Using a SCEP Gateway to Distribute Certificates to Managed Devices

Efficiency is at the core of business technology, and requiring IT to manually onboard managed devices for secure network access significantly hinders progress. A solution to this inefficient process would be to automatically distribute network settings and a secure certificate to protect the device from a wide array of credential theft attacks. The key to accomplishing this is to use a SCEP Gateway to push profile configuration to managed devices that enables it to request a certificate with no end user interaction. If this method is used, it avoids the risk of the devices being configured incorrectly and ensures that all MDM users are on the secure SSID. But the primary benefit is the rapid enrollment process that gets your managed devices securely onboarded to the network with no interaction on the client side.

Certificates as a security measure are miles ahead of credentials when it comes to securing a wireless network. When an organization with a WPA2-Enterprise network uses certificate-based authentication, their end users immediately notice that the authentication process is faster and simpler. The user is rapidly connected as the device performs a TLS handshake when it is in range of the network. On the administrative side, certificates vastly improve network visibility by enabling DPI SSL and offering a more comprehensive identity context. When a certificate is distributed to a user, it is encoded with the device identity and user identity, allowing for accurate identification in the management portal. This provides a name and device to a monitored network connection, as well as easier troubleshooting as the management portal will identify and diagnose any connection issues that may occur.

If an organization decides to deploy a network secured by certificates, why do they need to enroll managed devices for certificates automatically, without the end user? Despite their numerous security, efficiency, and visibility benefits, many have avoided certificates due to their complex configuration process. The process requires high level IT knowledge that an average user would not understand and could easily configure incorrectly. If this is happens, all the benefits go out the window. Using a SCEP Gateway to enable managed devices to request certificates automatically is also much faster than requiring IT to configure devices. Especially if it’s a large volume of devices, the option of using IT to configure is far too inefficient to be viable.

As stated previously, if the goal is to distribute certificates to managed devices with no end user interaction, the key is the use of a SCEP Gateway; but what is a SCEP Gateway and how does it work? Simply put, a SCEP Gateway is a communication protocol that pulls certificates from a unique certificate authority (CA) and distributes them. The SCEP Gateway is comprised of an access token, a shared secret, an API URL, and a CA. SCEP works with managed device vendors such as JAMF and Airwatch, and other customers such as Microsoft GPO and Active Directory can utilize Microsoft WSTEP protocol.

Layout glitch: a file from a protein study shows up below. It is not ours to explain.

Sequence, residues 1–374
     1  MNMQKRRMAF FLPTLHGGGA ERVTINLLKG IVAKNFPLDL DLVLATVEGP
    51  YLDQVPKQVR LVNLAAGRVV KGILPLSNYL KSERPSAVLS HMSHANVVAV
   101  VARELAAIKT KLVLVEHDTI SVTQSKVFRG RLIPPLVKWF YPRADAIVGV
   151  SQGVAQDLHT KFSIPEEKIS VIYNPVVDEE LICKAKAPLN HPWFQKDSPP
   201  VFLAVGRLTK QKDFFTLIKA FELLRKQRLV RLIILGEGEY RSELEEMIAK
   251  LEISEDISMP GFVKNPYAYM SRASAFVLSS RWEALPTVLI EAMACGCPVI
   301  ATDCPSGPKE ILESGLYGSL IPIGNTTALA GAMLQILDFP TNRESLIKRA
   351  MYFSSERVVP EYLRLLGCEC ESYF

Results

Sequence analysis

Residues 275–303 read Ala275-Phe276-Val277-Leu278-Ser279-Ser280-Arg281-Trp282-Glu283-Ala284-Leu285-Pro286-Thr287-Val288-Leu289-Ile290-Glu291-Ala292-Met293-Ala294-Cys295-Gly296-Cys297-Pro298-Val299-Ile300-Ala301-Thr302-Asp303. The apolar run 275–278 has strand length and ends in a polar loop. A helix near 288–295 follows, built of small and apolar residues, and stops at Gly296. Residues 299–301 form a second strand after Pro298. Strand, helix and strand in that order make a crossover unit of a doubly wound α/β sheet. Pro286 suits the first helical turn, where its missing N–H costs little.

The configuration process for setting up a SCEP Gateway to distribute certificates follows this outline:

  1. Configure the SCEP Gateway API in SecureW2.
    • Begin in the SecureW2 Management Portal and configure the SCEP Gateway that will be used to distribute certificates.
  2. Generate the Shared Secret and Access Token.
    • Here you will use SecureW2’s API token wizard to generate a Shared Secret and Access Token that will be used to assemble the SCEP Gateway.
  3. Build the SCEP URL.
    • The SCEP URL is the avenue to be used to communicate with the SCEP Gateway and is built by connecting the Shared Secret and Access Token.
  4. Configure the managed devices to use a SCEP-Enabled external CA.
    • Managed devices typically have a certificate template that you can configure to use a SCEP Gateway. Insert the API URL, which connects the managed devices to the CA and allows MDMs to request client certificates be generated by SecureW2 for them.
  5. Configure the “Payload”, or Configuration profiles, to include certificates.
    • The managed devices have been configured to use the SCEP Gateway to generate certificates, so the next command is to get the devices to initiate the enrollment process. This is accomplished by pushing a configuration profile of network settings, or Payload, to the devices that directs them to enroll for certificates using the SCEP Gateway.
  6. Troubleshooting and Managing Certificates with SecureW2.
    • Once the devices have enrolled for certificates and are connected to the network, the final step begins; maintaining the network. SecureW2’s management portal improves network visibility, identifying each device and tying it to a network connection. Also, if any connection errors occur, the management portal will diagnose the issue remotely, allowing for an efficient solution to be implemented.

Using a SCEP Gateway for certificate distribution to managed devices demonstrates a commitment to creating a more efficient and secure wireless network. Once the configuration is complete and certificates have been distributed, the network is protected against a wide array of hacking attacks. Without a SCEP Gateway, distributing certificates to managed devices can be a difficult and complex process, often resulting in incorrect configurations and the loss of security benefits. To keep your network secure and ensure that only approved devices gain access, distributing certificates through a SCEP Gateway is a reliable approach to improving network safety.

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*** This is a Security Bloggers Network syndicated blog from SecureW2 authored by Jake Ludin. Read the original post at: https://www.securew2.com/blog/using-a-scep-gateway-to-distribute-certificates-to-managed-devices/